- 1977 – C David Ross was born in Bainbridge, Georgia. After spending three years with LA, the Bucs bought Ross in 2005 to back up 35-year-old Raul Chavez. He got into 40 games, hitting .222, and was flipped at the deadline to San Diego for JJ Furmaniak. Ross never did hit much better – his lifetime BA is .229 – but he carved out a solid 15-year career on defense and the ability to handle a pitching staff. He retired after winning a ring with the Cubs in 2016 and has since been on “Dancing With the Stars,” ESPN and landed the Cubbies manager gig.
- 1978 – Scout Tom Gillespie was born in Iowa. He’s been a Buc scout since 2012, coming over from Oakland, and when you hear of an off-the-wall prospect signing, his hand is probably involved. He’s an international scout, focused on evaluating baseball talent in Europe, Africa, and Japan. Tom also is a director of a couple of baseball nonprofits that support international play.
- 1981 – 2B Jose Castillo was born in Las Mercedes, Venezuela. Signed by Pittsburgh in 1999 as a 16-year-old, he was considered the long-term answer at second (he was the Pirates top-rated prospect and played in the Futures game). The Bucs may have jumped the gun by promoting him straight from AA and awarding him the big league job in 2004, as after four years and a .256 BA, he was released, plagued by injury, weight and fielding problems, and replaced by Freddy Sanchez. He closed out his baseball career with gigs in Taiwan and Japan.
- 1983 – Frank Oceak passed away in Johnstown at the age of 70. Frank was a Bucco coach from 1958-64, again from 1970-72 and finally briefly in 1976, replacing an ill Don Leppert, spending most of his days as Danny Murtaugh’s third base coach (he’s #44 jogging along with Maz after his 1960 Yankee-killer homer and was also the coach who flashed the bunt sign that Bob Robertson missed, instead homering against the O’s in the ‘71 Series) and infield instructor. Frank managed in the minors for Pittsburgh from 1942-57, and again from 1966-69 between his big league coaching gigs. He retired and ran a Johnstown bar, called (what else?) The Third Base Inn.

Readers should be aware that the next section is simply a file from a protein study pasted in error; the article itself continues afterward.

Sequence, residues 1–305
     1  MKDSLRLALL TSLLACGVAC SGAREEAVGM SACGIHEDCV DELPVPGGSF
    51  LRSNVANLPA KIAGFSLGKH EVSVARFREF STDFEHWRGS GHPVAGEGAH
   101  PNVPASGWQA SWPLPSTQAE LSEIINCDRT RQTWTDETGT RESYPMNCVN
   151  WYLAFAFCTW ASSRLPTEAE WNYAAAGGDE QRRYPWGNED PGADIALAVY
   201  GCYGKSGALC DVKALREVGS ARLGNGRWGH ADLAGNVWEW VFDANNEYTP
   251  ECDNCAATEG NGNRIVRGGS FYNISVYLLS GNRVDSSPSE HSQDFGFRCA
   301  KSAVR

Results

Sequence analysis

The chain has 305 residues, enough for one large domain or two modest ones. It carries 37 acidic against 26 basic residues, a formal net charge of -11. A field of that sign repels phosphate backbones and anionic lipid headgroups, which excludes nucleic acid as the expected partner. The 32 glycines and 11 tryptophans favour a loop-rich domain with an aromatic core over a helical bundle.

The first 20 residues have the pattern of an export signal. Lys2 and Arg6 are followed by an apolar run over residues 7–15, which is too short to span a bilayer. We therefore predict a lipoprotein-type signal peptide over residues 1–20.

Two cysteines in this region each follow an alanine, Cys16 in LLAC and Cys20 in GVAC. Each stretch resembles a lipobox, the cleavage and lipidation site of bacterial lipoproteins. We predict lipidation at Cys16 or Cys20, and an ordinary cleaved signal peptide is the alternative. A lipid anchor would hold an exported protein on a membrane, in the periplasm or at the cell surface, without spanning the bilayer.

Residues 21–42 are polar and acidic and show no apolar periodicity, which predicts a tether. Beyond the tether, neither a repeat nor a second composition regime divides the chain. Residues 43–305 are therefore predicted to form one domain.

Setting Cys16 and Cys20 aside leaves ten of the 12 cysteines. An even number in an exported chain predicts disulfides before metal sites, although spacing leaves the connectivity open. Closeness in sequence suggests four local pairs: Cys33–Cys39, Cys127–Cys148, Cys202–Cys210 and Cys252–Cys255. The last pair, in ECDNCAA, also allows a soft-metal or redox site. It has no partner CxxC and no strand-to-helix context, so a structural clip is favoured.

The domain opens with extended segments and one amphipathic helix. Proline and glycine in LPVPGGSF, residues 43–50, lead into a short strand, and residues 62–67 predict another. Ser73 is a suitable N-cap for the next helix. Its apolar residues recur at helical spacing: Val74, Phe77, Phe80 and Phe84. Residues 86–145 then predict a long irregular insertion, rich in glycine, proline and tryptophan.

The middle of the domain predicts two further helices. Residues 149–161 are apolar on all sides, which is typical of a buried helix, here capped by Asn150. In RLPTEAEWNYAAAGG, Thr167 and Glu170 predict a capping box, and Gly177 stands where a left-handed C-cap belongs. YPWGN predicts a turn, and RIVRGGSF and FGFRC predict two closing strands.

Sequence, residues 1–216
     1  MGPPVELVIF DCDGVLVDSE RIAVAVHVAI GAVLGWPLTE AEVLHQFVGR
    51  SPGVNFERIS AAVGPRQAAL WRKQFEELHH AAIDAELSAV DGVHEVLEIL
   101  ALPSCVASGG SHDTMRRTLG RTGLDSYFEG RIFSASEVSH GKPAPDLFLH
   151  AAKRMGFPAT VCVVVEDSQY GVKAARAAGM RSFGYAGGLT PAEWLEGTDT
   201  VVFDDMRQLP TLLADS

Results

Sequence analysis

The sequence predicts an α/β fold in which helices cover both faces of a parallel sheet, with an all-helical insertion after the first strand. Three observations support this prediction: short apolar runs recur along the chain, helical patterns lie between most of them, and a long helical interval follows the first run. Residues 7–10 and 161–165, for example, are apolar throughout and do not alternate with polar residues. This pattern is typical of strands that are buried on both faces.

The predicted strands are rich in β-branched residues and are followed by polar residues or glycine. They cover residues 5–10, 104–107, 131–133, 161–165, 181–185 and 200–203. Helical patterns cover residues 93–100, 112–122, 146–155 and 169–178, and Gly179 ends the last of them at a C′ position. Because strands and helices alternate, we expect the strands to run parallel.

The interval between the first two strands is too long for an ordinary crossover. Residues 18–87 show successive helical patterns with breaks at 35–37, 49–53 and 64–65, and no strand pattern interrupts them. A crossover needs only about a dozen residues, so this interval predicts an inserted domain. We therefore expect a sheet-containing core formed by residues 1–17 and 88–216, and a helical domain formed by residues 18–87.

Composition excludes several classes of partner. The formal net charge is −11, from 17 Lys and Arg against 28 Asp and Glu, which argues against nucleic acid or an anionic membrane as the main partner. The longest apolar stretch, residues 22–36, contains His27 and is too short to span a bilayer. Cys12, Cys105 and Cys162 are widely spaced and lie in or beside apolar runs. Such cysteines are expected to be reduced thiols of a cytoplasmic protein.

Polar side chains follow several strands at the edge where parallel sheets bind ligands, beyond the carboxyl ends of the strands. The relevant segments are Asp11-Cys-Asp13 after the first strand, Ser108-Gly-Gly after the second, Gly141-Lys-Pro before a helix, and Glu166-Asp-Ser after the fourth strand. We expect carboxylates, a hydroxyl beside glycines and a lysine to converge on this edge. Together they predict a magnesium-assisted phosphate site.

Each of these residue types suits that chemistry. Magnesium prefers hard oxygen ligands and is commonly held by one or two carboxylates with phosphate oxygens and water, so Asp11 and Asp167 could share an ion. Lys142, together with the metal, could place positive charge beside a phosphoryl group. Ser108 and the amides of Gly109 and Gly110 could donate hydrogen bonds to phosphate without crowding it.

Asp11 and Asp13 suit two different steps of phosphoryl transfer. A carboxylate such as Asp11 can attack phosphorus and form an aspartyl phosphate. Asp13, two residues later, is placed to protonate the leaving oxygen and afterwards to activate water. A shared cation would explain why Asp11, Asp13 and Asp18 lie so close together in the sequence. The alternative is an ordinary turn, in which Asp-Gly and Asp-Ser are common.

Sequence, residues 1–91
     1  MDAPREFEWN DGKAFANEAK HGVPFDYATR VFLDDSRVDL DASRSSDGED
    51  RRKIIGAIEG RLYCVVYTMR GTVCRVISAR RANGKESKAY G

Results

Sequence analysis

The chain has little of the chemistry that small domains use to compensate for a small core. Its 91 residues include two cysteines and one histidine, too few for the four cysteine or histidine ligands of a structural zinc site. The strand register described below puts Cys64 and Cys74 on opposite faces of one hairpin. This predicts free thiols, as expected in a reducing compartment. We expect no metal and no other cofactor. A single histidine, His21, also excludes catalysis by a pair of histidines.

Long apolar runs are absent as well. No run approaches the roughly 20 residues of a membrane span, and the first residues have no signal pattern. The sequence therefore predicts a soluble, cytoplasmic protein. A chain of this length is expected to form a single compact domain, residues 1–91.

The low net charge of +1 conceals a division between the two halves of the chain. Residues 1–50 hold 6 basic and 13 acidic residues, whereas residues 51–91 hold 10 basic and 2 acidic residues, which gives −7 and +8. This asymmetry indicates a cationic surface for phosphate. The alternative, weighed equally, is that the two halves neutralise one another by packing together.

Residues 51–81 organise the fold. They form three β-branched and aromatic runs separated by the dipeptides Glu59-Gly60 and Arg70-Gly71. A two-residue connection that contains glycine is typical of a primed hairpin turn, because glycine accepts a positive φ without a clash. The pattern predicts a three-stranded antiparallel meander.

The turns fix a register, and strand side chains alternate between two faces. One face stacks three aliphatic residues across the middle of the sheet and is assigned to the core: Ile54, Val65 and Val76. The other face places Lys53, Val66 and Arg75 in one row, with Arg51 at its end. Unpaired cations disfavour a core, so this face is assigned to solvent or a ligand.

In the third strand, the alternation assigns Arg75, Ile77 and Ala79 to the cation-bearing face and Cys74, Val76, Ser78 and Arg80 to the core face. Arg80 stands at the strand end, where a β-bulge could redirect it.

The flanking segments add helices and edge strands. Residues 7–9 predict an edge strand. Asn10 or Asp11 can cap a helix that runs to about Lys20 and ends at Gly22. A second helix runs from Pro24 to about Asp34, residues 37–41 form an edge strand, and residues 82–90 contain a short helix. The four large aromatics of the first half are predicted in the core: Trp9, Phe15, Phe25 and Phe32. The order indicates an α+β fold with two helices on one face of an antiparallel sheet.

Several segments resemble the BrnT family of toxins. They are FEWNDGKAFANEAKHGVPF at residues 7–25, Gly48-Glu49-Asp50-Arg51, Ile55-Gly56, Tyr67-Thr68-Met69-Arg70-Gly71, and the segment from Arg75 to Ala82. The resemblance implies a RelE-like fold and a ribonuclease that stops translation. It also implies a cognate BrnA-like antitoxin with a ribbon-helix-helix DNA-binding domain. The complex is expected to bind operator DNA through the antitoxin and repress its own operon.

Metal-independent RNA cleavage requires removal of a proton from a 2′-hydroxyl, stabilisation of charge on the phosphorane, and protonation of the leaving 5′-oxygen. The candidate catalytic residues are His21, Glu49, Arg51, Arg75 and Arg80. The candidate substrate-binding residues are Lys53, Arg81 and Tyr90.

|Bill Landrum – 1992 Donruss Triple Play|
- 1992 – The Pirates released RHP Bill Landrum, who had won 13 games and saved 56 more over the prior three seasons, tossing to a 2.39 ERA. He was due $1.7M, and by releasing him this early in camp, the Bucs were on the hook for just a quarter of his salary. That caused a bit of a media & fan kerfuffle, but Landrum only lasted two more years in the show after his release. Performance, along with wear & tear (he was pitching through shoulder and knee problems) also played into the decision to let him go.
- 2019 – Sports Illustrated got on GM Neal Huntington’s last nerve in its Pirates preseason review when it quoted an anonymous scout as saying “Josh Bell can’t play…He’s a lump.” Neal defended his first baseman by firing back “These anonymous scouts are hacks. A lot of their criticisms are directed at minorities…we’re happy these guys don’t work for our organization.”